Changes To Medicare is Focus of Three Congressional
Hearings This Week
Small signs that Democrats and
Republicans are beginning to wrestle with the issue of what role
Medicare should play in deficit reduction
By Mary Agnes Carey
Feb. 25, 2013 - With $85 billion in
automatic federal spending cuts set to take effect on Friday and
predictions of economic disruption, much of official Washington is
focused on the “blame
game.” Publicly, there has been no sign that
Congress or administration officials has made any progress on averting
these cuts or finding common ground on tackling the country’s fiscal
But there are small signs that
Democrats and Republicans are beginning to wrestle with the issue of
what role Medicare should play in deficit reduction. Three Capitol Hill
committees with jurisdiction over health care have scheduled hearings
this week to examine Medicare’s current benefit design and to review
provisions in the 2010 health care law aimed at making the program more
In his State of the Union address,
President Barack Obama said the “biggest driver” of the nation’s long
term debt is the rising cost of health care for an aging population.
“And those of us who care deeply about programs like Medicare must
embrace the need for modest reforms – otherwise, our retirement programs
will crowd out the investments we need for our children, and jeopardize
the promise of a secure retirement for future generations,” he said.
The House Ways and Means Health
Subcommittee’s Tuesday hearing
will focus on Medicare’s traditional fee-for-service program “and
consider ideas to update and improve the benefit structure to better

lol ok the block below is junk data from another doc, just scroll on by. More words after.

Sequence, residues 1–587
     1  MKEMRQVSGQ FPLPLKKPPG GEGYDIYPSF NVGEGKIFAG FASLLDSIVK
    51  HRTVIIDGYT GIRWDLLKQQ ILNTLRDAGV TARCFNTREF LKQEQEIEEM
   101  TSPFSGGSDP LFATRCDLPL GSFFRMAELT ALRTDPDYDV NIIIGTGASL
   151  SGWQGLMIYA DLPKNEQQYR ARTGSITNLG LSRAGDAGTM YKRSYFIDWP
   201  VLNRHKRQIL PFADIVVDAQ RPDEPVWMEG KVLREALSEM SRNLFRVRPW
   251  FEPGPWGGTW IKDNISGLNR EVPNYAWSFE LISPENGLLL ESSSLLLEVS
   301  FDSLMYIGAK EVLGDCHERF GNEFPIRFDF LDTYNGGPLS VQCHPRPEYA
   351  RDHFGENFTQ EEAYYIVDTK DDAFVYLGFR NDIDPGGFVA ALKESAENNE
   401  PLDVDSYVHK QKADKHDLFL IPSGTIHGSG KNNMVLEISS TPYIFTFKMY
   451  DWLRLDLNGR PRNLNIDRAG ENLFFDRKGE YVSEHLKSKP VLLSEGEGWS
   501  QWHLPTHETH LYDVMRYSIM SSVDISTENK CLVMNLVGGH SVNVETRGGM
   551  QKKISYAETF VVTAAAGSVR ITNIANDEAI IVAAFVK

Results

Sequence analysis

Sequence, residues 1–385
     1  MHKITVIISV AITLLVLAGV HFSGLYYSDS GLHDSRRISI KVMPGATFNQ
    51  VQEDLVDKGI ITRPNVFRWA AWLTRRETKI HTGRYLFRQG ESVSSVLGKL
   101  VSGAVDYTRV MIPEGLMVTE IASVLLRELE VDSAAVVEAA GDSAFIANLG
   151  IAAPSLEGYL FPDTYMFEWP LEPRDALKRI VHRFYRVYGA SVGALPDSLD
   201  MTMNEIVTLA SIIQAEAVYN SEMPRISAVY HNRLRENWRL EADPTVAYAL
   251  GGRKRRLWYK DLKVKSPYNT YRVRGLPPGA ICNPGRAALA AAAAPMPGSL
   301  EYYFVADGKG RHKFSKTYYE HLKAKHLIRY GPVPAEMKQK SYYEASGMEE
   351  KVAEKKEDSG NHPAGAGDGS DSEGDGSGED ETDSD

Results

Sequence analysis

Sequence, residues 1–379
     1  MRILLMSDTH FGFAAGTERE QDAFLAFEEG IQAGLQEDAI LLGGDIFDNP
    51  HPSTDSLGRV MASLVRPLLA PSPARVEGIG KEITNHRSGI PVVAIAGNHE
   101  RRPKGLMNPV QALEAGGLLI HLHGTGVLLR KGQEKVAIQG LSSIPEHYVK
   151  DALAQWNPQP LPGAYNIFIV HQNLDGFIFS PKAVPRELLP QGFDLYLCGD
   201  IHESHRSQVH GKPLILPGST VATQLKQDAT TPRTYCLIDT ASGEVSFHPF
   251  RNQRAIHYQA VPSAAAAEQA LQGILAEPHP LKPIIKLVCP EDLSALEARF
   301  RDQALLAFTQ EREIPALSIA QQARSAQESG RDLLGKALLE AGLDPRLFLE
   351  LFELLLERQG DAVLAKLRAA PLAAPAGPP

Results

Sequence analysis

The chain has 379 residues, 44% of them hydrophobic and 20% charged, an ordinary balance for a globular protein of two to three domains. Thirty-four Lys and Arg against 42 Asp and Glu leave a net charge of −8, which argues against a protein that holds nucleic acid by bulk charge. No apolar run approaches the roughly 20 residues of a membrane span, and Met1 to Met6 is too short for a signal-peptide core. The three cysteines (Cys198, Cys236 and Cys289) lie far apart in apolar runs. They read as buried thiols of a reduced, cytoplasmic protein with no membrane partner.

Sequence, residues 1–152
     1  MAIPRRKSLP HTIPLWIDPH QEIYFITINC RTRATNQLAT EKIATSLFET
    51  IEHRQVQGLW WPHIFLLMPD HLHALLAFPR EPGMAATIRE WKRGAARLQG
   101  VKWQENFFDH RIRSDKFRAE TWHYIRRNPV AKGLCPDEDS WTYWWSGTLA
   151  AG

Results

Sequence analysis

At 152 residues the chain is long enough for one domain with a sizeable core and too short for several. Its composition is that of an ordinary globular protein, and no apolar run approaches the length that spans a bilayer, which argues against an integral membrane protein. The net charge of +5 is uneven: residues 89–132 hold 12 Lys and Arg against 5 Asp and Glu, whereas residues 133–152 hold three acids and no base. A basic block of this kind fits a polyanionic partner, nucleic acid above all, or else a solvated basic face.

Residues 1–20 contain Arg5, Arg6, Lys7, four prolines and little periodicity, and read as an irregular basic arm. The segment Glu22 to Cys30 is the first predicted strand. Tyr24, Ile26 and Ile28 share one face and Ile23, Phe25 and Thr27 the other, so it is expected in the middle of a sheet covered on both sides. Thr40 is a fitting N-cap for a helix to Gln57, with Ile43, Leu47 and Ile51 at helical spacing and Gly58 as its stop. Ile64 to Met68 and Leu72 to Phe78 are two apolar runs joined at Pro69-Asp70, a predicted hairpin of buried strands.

meet the needs of current and future beneficiaries,” according to a news
Subcommittee chairman Kevin Brady,
R-Texas, said the hearing would help the panel “investigate the
limitations, inefficiencies and inadequacies of traditional Medicare’s
cost-sharing structure and identify ways to bring the Medicare program
in to the 21st Century.”
That hearing follows a speech
earlier this month, in which House Majority Leader Eric Cantor, R-Va.,
signaled a new GOP strategy on Medicare. He called for several changes
to fee-for-service Medicare, which provides coverage to about
three-quarters of the 49 million Medicare beneficiaries.
“We should begin by ending the arbitrary division between Part A, the
hospital program, and Part B, the doctor services,” Cantor said. “We can
create reasonable and predictable levels of out-of-pocket expenses
without forcing seniors to rely on Medigap plans.”
On Thursday, Senate Finance
Committee Chairman Max Baucus, D-Mont., is convening a hearing to examine programs in the health law designed to make
Medicare and Medicaid more efficient and affordable. The law includes
provisions that shift payment to the quality – rather than the quantity
– of care delivered. The law also encourages hospitals and doctors to
cut readmission rates “by making sure early treatments are effective and
by reducing preventable adverse events like infections that often result
in a second, costly hospital stay,” according to a news release.
The panel will get a progress
report from Jonathan Blum, the acting principal deputy administrator and
director of the Center of Medicare, a division of the Centers for
Medicare and Medicaid Services (CMS).
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